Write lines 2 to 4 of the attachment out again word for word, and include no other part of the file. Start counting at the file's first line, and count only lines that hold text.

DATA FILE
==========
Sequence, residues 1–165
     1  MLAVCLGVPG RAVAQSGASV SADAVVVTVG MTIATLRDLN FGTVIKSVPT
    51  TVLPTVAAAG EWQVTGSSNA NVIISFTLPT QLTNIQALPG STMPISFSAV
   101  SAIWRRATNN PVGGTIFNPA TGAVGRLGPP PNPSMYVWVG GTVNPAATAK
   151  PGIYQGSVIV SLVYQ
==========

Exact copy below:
     1  MLAVCLGVPG RAVAQSGASV SADAVVVTVG MTIATLRDLN FGTVIKSVPT
    51  TVLPTVAAAG EWQVTGSSNA NVIISFTLPT QLTNIQALPG STMPISFSAV
   101  SAIWRRATNN PVGGTIFNPA TGAVGRLGPP PNPSMYVWVG GTVNPAATAK